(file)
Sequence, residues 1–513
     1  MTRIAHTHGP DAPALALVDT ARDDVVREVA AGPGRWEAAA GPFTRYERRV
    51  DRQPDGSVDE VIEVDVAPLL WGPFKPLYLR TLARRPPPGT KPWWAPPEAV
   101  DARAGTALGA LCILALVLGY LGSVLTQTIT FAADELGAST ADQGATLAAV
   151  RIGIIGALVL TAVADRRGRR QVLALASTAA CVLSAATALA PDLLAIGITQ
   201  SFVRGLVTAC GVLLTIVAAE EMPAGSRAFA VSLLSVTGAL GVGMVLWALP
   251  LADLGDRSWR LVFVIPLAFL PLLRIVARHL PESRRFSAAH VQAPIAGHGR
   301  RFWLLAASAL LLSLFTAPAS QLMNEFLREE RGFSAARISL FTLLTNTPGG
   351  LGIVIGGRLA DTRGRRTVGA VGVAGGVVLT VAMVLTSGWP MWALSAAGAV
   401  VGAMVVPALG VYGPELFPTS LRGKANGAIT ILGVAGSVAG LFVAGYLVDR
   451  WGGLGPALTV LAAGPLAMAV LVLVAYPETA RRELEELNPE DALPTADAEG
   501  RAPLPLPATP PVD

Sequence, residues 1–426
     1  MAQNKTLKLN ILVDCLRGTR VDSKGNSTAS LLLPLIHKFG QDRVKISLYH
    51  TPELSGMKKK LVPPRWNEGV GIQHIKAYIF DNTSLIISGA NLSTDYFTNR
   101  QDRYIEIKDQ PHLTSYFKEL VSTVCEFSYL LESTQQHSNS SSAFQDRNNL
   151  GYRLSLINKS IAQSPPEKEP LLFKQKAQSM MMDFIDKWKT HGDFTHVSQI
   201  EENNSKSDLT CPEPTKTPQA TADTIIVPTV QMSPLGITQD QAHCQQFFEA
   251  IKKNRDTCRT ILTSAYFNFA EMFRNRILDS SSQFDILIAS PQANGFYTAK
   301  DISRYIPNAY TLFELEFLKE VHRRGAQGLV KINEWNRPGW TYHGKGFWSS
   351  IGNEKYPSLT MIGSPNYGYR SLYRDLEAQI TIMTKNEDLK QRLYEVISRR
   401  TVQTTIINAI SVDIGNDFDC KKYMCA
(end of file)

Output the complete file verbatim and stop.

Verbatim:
Sequence, residues 1–513
     1  MTRIAHTHGP DAPALALVDT ARDDVVREVA AGPGRWEAAA GPFTRYERRV
    51  DRQPDGSVDE VIEVDVAPLL WGPFKPLYLR TLARRPPPGT KPWWAPPEAV
   101  DARAGTALGA LCILALVLGY LGSVLTQTIT FAADELGAST ADQGATLAAV
   151  RIGIIGALVL TAVADRRGRR QVLALASTAA CVLSAATALA PDLLAIGITQ
   201  SFVRGLVTAC GVLLTIVAAE EMPAGSRAFA VSLLSVTGAL GVGMVLWALP
   251  LADLGDRSWR LVFVIPLAFL PLLRIVARHL PESRRFSAAH VQAPIAGHGR
   301  RFWLLAASAL LLSLFTAPAS QLMNEFLREE RGFSAARISL FTLLTNTPGG
   351  LGIVIGGRLA DTRGRRTVGA VGVAGGVVLT VAMVLTSGWP MWALSAAGAV
   401  VGAMVVPALG VYGPELFPTS LRGKANGAIT ILGVAGSVAG LFVAGYLVDR
   451  WGGLGPALTV LAAGPLAMAV LVLVAYPETA RRELEELNPE DALPTADAEG
   501  RAPLPLPATP PVD

Sequence, residues 1–426
     1  MAQNKTLKLN ILVDCLRGTR VDSKGNSTAS LLLPLIHKFG QDRVKISLYH
    51  TPELSGMKKK LVPPRWNEGV GIQHIKAYIF DNTSLIISGA NLSTDYFTNR
   101  QDRYIEIKDQ PHLTSYFKEL VSTVCEFSYL LESTQQHSNS SSAFQDRNNL
   151  GYRLSLINKS IAQSPPEKEP LLFKQKAQSM MMDFIDKWKT HGDFTHVSQI
   201  EENNSKSDLT CPEPTKTPQA TADTIIVPTV QMSPLGITQD QAHCQQFFEA
   251  IKKNRDTCRT ILTSAYFNFA EMFRNRILDS SSQFDILIAS PQANGFYTAK
   301  DISRYIPNAY TLFELEFLKE VHRRGAQGLV KINEWNRPGW TYHGKGFWSS
   351  IGNEKYPSLT MIGSPNYGYR SLYRDLEAQI TIMTKNEDLK QRLYEVISRR
   401  TVQTTIINAI SVDIGNDFDC KKYMCA